As we celebrated World Food Day on October 16, it’s important to remember that globally, nearly 800 million people are still hungry. Yet here in the United States, there is an opportunity for Congress to act in the fight against global hunger, malnutrition, and extreme poverty. Passing the Global Food Security Act (H.R. 1567, S. 1252) is our chance. Here are five things you need to know about this important piece of legislation:
1. The GFSA codifies a whole-of-government strategy for U.S. global food and nutrition security.
After decades of declining support for farmers in developing countries, renewed U.S. leadership from President Bush and now President Obama has sparked a global commitment to help people feed themselves. Governments, nongovernmental and civil society organizations, academic and research institutions, businesses, multilateral institutions, and farmers themselves have all recommitted to fighting extreme hunger and malnutrition through new agriculture-focused investments.
The Global Food Security Act (GFSA) seeks to capture and sustain the current successes of the U.S. government through its Feed the Future Initiative. Drawing on resources and expertise from 11 federal agencies, Feed the Future is engaging in national agriculture investment strategies and is helping countries, including 19 focus countries in Africa, Latin America, and Asia, transform their agricultural sectors and sustainably produce enough nutritious food to feed their people. The GFSA calls on each relevant Federal department or agency, coordinated at the highest level by the President, to deliver specific implementation plans, including what they will accomplish and the technical and financial resources each will commit. Codifying this whole-of-government approach will ensure that existing coordination between key agencies involved in Feed the Future – including USAID, USDA and the State Department – continues and is improved.
2. The GFSA codifies a comprehensive U.S. global food and nutrition security strategy.
Successfully fighting hunger, malnutrition, and poverty demands a holistic and comprehensive approach. The strategy codified by the bill focuses on increasing sustainable and equitable agricultural development, reducing global hunger, improving nutrition – especially in the first 1,000 days of a child’s life – and ultimately achieving food and nutrition security. The GFSA recognizes the important role of small-scale producers, women, and local food economies, and promotes country ownership and civil society engagement. It also builds the resilience of communities, provides safety nets for the most vulnerable food insecure populations, and fosters improved nutrition, research, environmental protection, capacity building, land rights, and gender equality and female empowerment. Establishing a comprehensive strategy in law will enable us to direct existing and future U.S. investments to programs that truly make a difference in improving food and nutrition security and livelihoods.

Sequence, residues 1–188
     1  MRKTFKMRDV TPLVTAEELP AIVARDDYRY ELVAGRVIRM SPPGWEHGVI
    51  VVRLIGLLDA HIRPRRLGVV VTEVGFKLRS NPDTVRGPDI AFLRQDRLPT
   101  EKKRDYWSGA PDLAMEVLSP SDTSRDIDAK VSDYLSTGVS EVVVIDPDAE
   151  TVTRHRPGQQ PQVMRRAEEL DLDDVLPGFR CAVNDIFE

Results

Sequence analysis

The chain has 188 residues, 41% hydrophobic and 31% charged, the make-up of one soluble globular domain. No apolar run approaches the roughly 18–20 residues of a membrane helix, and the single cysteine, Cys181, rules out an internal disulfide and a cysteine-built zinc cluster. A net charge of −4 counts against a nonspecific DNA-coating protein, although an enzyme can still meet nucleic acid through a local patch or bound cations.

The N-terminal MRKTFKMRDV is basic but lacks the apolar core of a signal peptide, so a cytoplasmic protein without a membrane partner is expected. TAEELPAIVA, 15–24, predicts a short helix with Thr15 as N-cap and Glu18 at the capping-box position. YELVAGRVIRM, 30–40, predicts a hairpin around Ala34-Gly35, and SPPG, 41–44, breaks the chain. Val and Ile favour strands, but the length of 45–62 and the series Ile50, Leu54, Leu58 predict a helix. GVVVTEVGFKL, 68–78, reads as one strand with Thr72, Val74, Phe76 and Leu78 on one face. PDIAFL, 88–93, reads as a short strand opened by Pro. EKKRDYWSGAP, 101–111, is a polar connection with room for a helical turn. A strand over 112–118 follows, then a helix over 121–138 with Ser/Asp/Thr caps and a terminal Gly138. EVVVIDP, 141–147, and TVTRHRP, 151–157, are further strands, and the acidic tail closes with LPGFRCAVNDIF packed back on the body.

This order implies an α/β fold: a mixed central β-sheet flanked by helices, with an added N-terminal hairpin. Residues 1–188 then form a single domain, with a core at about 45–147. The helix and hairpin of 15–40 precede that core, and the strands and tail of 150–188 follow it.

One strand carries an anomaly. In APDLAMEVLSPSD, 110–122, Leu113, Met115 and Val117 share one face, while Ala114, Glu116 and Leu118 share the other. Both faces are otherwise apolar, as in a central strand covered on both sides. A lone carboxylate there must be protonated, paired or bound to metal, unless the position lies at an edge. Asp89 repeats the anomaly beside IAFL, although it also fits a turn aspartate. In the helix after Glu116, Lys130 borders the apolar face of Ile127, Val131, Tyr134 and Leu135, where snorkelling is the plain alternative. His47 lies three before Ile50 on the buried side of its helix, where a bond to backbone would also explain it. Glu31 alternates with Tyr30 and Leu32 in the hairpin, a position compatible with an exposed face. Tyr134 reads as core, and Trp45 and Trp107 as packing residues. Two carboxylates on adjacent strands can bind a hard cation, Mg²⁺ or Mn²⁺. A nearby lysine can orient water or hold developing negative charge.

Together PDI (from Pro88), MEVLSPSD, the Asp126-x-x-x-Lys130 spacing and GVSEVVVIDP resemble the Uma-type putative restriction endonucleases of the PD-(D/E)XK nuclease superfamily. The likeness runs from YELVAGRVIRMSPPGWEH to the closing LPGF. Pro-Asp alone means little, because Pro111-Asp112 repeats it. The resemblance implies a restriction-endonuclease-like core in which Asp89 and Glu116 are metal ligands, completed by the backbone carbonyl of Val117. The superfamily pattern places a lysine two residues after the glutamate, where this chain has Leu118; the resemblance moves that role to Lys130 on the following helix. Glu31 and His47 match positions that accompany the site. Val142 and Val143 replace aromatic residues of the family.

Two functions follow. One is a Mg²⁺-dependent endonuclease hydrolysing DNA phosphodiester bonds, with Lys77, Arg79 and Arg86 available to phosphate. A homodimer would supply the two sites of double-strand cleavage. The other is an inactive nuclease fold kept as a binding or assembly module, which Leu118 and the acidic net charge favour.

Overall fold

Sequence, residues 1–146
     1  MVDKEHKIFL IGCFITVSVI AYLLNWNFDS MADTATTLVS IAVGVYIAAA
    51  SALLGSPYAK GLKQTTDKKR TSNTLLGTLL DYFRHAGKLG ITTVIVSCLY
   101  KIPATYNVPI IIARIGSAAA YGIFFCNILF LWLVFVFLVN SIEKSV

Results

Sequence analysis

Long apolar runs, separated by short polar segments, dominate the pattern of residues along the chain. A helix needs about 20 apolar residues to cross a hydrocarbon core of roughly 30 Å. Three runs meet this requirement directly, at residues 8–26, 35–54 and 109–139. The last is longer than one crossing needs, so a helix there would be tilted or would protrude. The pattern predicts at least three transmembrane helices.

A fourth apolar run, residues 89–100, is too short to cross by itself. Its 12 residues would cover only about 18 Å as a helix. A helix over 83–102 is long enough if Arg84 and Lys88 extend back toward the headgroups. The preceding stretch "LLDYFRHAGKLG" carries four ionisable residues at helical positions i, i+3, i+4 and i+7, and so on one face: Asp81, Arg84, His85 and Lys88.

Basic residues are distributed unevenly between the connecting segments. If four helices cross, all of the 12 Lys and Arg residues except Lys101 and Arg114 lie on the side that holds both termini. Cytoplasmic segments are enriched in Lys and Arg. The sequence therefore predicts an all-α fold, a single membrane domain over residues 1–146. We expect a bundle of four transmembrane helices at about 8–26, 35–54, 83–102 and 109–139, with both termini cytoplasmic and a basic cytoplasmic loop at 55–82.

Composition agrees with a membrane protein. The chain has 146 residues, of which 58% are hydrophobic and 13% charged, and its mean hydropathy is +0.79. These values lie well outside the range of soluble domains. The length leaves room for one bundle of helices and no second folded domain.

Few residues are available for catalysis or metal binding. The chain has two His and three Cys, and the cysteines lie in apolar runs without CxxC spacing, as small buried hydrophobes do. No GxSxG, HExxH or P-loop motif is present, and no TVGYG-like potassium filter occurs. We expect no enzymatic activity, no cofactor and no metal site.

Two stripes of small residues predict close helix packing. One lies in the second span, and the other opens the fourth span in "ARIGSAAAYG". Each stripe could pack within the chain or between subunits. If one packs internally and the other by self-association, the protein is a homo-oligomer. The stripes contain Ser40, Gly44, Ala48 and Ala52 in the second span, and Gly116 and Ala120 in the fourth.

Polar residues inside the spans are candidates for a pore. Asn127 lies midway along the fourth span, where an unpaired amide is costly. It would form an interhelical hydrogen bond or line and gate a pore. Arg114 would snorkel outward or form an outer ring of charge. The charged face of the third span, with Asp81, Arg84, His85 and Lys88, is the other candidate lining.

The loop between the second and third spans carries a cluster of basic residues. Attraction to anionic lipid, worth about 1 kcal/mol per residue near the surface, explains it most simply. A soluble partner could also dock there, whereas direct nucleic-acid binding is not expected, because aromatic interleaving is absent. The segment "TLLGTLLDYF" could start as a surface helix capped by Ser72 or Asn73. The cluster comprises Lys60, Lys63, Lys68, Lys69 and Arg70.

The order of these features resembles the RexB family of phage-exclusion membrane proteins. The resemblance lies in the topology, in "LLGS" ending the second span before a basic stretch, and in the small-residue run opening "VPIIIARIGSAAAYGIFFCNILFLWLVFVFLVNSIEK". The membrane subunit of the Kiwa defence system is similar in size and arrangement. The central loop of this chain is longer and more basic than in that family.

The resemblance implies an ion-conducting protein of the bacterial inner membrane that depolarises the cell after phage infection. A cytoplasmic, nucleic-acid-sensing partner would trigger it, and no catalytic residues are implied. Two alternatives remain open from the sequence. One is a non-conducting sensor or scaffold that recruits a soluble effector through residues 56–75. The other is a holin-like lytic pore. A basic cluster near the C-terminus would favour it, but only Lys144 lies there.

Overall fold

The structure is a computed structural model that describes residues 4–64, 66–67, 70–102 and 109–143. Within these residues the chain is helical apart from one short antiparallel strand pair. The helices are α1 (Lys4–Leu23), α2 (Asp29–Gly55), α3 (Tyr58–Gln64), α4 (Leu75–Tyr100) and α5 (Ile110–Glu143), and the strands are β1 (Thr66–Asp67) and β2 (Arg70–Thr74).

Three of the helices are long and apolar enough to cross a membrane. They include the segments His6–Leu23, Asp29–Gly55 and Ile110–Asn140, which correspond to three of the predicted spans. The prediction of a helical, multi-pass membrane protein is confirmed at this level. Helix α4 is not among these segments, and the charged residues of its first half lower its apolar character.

3.The GFSA establishes Congressional oversight and reporting requirements.
Current U.S. global food security strategy is established by the Executive Branch with limited Congressional oversight. The GFSA would provide a clear legislative basis for active Congressional oversight, including reporting that is transparent, more complete, and delivered on an annual basis. It also improves upon existing monitoring and evaluation practices to ensure U.S. taxpayer investments are implemented efficiently and effectively. Furthermore, the data will be appropriately disaggregated, like in the case of gender data, to ensure that programs are reaching women. Finally, identification of lessons learned and more consistent benchmarks for success will greatly help in gauging progress toward sustainability.
4.The GFSA promotes country ownership and sustainability.
The GFSA states that it is in the national security interest of the U.S. to promote global food security, resilience, and nutrition, “consistent with national food security investment plans.” Feed the Future has operated in close coordination with USAID’s Local Solutions Initiative, which aims at assisting countries to become more effective providers of development services for their own populations. Yet more can be done. Language in the GFSA encourages outside service providers to focus more on local capacity strengthening and less on providing those services themselves. This will not only accelerate the creation of capable local organizations, but will ensure that development is locally supported, long-lasting, and not creating duplicative systems. In addition, the bill calls for consultations with local stakeholders at the national and regional level, as well as thoughtful alignment with the country’s own plans for agricultural development. Stakeholder consultation – including at a local level and with a diverse group of stakeholders – would become a requirement, and collaboration would become an important mode for mobilizing development actors. Consultation would shape not only the development of plans, but would help to identify roles for non-state actors in lasting development collaborations.
5.The GFSA does not include food aid reform.
While food aid reform is a very important issue, it is separate from the GFSA. The GFSA does not make any changes to the Food for Peace or Food for Progress programs. The bill does require long-term food security programs to coordinate transparently with emergency programs, as countries that are vulnerable to food insecurity often require both emergency food assistance and longer-term agricultural development. Effective coordination between these activities and appropriate planning for the relief-to-development transition are essential ingredients of successful and sustainable programs. But again, the bill does not change any existing authorizing law for emergency food and non-food assistance programs. The GFSA is not food aid reform.